Growing up I loved eating split pea soup with smoked pig's tail. I remember seeing pigs' ears on display in our butcher shop, and we regularly ate liver and kidney. I also liked sliced beef tongue on a sandwich. Later on when we lived in France I had sweetbreads and brain (both very delicate and creamy tasting), in China duck tongues (a bit tough) and chicken feet (didn't like those at all), and I still love eating head cheese on buttered German black bread with a slice of pickle on top.When we eat lobster I collect everyone's discarded lobster heads and enjoy the innards (and that creamy green stuff) with a big glob of homemade mayonnaise at least as much as the tail and claws. Indigenous people consume every part of an animal, nothing goes to waste. In foodie countries like France and China every part of an animal is turned into a signature dish (ris de veau aux morilles - doesn't that sound delicious?). But more recently in this country, and with increasing affluence, we have turned our noses up at organ meats and somehow have come to think of them as eeeewwwww and yuck.
In reaction to that the nose-to-tail movement has sprung up and with it the art of butchering is being resurrected. In contrast to supermarket butchers, who are not trained to take a whole animal carcass apart and seldom see its innards, many young butchers are interested again in learning this craft with attention to all parts of the animal, and what to make with them (not only sausage). Organ meat (only from grassfed animals!) is densely packed with nutrients. As a matter of fact, predators first go for the organs of a fresh kill. My acupuncturist, who is versed in Chinese nutritional principles, always reminds me to make bone broth (please reread an earlier post on bone broth) in the wintertime and eat organ meats.
It's a term I hadn't heard until I read an article this morning on approaches for dealing with the refugee crisis in Europe of all things, and coined by medical sociologist Aaron Antonovsky. Without ever having heard it called salutogenesis I embrace this model in my thinking, this blog and my upcoming book. It is after all about strengthening what is healthy instead of destroying or treating what's diseased. With regard to healing the body the idea is to strengthen the immune system and support the body's ability to continuously regenerate and heal itself through a deep mind-body relationship. Why? Because stress, negative beliefs and emotional problems are responsible for 85% of our health problems, as it's estimated. Salutogenesis is a proactive, preventative and positive approach, while our mainstream Western model is about fixing, eliminating, destroying, cutting out, or band-aiding what's diseased in very broad strokes.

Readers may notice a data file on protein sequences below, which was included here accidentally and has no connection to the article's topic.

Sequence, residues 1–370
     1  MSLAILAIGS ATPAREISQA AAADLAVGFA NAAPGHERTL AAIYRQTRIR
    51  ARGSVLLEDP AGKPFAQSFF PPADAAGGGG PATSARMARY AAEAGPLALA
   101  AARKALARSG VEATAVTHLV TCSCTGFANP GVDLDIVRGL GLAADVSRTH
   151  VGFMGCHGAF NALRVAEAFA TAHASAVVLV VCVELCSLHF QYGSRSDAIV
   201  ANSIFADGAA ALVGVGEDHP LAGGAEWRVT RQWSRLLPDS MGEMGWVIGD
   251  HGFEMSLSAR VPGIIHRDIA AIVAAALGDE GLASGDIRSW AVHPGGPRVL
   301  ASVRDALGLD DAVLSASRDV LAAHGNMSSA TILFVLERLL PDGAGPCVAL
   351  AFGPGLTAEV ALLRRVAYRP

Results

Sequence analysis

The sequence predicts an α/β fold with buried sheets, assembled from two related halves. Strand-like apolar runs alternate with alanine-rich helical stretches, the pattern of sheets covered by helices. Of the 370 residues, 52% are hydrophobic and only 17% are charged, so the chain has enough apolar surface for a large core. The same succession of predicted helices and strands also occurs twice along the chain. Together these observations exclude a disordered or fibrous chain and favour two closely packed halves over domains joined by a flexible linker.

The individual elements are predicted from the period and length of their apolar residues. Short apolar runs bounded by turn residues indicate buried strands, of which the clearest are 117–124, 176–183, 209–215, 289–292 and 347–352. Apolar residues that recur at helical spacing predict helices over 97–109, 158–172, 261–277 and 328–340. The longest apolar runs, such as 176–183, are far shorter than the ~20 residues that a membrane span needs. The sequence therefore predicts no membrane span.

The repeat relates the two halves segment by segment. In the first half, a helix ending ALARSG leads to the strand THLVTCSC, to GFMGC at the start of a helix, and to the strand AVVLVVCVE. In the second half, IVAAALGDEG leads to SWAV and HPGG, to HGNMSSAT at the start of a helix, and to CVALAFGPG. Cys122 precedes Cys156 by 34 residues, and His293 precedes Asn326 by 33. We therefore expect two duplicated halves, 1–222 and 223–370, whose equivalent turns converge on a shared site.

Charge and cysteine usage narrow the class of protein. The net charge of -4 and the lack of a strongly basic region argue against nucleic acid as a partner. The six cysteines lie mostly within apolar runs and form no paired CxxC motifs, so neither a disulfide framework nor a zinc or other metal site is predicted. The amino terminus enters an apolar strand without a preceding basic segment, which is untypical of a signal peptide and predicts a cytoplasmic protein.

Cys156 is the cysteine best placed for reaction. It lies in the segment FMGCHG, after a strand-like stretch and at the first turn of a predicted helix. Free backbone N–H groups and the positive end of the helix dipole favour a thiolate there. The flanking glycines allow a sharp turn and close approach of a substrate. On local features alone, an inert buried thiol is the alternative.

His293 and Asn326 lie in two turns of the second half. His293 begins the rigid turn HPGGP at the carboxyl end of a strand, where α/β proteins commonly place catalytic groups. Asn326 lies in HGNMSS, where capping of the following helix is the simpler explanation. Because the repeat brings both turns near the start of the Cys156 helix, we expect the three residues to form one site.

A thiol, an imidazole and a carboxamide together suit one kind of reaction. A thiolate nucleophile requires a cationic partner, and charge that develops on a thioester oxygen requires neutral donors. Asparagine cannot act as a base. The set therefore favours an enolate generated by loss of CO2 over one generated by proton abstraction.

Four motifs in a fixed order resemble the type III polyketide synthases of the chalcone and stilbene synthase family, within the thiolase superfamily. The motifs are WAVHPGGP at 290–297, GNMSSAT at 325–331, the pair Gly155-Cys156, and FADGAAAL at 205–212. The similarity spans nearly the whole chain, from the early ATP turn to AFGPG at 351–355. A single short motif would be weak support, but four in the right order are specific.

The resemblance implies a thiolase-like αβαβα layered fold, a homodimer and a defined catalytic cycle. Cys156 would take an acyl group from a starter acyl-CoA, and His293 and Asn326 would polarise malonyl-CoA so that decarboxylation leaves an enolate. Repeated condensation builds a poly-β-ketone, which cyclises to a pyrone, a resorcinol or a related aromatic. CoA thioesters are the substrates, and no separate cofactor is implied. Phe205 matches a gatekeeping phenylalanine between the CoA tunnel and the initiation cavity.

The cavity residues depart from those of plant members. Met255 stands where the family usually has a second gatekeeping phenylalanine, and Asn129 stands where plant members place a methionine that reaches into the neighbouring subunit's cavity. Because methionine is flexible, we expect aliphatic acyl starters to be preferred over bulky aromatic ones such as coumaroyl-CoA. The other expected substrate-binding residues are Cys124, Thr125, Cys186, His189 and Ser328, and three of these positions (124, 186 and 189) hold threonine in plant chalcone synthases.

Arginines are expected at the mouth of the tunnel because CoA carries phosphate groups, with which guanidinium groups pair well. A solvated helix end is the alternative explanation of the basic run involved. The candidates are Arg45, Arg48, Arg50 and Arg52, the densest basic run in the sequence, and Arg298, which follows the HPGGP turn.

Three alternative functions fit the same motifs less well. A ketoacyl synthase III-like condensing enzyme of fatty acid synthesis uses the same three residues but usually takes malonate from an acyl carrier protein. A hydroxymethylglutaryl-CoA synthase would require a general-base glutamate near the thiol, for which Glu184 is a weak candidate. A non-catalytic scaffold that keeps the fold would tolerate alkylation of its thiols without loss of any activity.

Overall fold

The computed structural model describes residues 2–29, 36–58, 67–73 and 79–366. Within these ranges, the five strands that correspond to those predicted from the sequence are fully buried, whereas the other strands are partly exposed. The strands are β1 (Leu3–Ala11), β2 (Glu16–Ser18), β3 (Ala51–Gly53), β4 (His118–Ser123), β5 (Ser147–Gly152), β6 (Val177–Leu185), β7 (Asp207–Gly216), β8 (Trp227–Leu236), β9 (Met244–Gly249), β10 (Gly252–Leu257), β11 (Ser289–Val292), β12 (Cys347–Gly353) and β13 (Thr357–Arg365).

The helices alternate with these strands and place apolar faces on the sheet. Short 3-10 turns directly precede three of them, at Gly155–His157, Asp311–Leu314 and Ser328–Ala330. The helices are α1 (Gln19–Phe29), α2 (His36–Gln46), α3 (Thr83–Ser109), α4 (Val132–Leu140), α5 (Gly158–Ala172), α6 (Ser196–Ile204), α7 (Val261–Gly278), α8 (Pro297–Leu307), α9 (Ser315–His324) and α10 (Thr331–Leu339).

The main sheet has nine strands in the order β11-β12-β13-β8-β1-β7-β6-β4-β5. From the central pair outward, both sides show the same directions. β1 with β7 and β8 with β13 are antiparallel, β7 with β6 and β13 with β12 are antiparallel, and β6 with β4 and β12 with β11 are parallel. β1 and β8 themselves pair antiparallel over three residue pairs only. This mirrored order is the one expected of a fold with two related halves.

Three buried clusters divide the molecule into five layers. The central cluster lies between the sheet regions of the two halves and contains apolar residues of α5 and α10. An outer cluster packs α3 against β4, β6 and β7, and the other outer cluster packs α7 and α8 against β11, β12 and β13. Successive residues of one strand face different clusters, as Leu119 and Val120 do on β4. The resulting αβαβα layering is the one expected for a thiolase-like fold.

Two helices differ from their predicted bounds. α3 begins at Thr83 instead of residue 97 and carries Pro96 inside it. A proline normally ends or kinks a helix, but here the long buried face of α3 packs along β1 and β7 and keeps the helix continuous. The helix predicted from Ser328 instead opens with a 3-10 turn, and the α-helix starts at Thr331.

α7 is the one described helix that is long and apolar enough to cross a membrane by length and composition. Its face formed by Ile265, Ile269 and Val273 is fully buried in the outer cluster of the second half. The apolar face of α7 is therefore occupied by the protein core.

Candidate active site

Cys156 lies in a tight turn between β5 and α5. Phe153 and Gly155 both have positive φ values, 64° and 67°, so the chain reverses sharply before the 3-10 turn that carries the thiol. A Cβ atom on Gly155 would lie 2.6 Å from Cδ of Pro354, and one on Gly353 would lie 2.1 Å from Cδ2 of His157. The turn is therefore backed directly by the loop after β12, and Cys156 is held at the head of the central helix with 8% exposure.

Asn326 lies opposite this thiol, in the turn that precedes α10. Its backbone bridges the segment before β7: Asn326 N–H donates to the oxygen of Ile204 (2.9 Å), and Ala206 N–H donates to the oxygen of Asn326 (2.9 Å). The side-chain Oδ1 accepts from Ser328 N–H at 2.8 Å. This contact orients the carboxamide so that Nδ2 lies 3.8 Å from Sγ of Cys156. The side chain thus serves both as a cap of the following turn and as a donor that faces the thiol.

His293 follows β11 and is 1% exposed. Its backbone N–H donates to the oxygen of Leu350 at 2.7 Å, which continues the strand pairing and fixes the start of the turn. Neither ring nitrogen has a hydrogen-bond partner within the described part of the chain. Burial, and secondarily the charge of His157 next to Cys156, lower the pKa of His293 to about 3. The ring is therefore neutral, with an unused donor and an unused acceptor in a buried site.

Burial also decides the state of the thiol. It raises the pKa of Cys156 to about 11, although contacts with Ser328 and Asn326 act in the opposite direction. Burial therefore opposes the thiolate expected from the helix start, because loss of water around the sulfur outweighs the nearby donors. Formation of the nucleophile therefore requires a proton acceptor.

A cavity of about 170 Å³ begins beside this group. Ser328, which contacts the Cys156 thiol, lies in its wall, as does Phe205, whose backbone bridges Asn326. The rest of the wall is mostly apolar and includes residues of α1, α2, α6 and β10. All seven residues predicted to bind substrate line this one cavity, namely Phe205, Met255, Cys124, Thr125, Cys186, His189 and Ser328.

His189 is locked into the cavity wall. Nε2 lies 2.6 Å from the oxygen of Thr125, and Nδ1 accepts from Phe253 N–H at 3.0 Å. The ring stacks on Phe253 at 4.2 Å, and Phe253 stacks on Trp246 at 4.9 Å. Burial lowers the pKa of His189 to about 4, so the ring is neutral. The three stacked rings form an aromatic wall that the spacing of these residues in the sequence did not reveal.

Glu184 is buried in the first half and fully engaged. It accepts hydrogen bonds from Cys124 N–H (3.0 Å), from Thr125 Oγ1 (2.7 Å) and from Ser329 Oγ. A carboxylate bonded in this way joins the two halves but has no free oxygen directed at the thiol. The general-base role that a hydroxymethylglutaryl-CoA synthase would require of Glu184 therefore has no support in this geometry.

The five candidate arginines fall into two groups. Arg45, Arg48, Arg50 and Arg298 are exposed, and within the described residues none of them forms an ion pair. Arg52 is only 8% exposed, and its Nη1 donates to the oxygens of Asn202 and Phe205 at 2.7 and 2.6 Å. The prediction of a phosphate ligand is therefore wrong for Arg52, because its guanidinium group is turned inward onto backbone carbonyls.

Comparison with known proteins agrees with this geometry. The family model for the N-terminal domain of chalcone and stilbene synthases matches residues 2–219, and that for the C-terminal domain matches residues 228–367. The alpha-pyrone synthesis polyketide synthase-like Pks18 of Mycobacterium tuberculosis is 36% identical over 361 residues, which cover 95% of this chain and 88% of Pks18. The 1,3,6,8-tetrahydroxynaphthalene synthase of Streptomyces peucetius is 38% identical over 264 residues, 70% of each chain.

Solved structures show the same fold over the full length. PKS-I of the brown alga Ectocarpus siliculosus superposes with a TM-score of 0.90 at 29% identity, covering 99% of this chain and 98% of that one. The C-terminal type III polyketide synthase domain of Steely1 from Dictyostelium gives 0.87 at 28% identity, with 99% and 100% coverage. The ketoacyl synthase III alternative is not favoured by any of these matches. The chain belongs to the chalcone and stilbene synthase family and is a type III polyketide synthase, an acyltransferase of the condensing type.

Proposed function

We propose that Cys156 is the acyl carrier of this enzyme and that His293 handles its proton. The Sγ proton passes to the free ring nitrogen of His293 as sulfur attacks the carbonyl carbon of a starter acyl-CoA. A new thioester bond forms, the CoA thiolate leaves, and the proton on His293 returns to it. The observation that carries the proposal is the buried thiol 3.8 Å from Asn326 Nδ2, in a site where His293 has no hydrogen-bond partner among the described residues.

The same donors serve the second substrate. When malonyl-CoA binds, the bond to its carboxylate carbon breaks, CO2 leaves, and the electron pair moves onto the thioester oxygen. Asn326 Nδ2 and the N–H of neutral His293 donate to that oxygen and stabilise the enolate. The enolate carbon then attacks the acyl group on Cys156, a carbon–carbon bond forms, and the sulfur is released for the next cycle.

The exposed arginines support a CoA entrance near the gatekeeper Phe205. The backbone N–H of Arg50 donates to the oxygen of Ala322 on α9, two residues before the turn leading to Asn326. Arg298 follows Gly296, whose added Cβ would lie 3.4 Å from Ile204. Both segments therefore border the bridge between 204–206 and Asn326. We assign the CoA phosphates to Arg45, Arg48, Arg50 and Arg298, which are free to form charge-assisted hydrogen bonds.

Translated to my deep living approach salutogenesis is about standing for and promoting more of what we want (healthy and rich soil, clean air and water, honesty and transparency, dignity for all people, sufficient food for all, and on and on) instead of ranting and raving about what we don't want (pollution, corruption, disease, poverty, refugee crisis and so on).
Do you like your glass half full or half empty? It's all about turning our attention to the positive aspect of things. You may also want to reread an older related post on the war against evil.
I find forgiveness incredibly important. Forgiveness is the key to avoid carrying grudge, resentment, anger, and all those other unpleasant low frequency feelings around with us, embedded in our cells for ever. It's not about forgetting what happened on this day, not about shoving it under the rug, but forgiving and overcoming helps to move forward. Stuck energy becomes stale. It feels good to let go and release. It makes you feel lighter. Like when you have cried your heart out, then sobbed some, then eventually the tears stopped flowing, and finally you were ready to take a deep breath. It feels so cleansing, so calming, and a bit like a fresh beginning.
I used to have a definite "bad thumb," which has turned to a pretty green thumb over the years. While my son thinks houseplants are useless, and I used to care them to death, I have come to love them in recent years. Like my cats they are something like children to me - definitely cheaper, definitely less work, yet work nevertheless, and a lot of pleasure. I am pleased when my plants grow stronger, sometimes I talk to them, I love watching them grow a new leaf or new blooms. I get especially excited when one of my orchids begins to sprout a new flower stem, which then grows and unfolds over weeks, and blooms for months. I find that plants add softness and life to a home, a calming and quiet living presence. Plants eliminate toxins from the air, absorb our carbon dioxide while emitting oxygen, humidify the air by releasing water, their presence seems to increase productivity in offices and adds to our wellbeing in general (apparently sick people get well faster if they are around plants). From a decorative perspective they can make such a statement, such as a tall ficus tree in a big space, little succulents growing between pebbles in a pretty pot, or a basket planted with a variety of plants. Plants add to the quality of life in so many ways.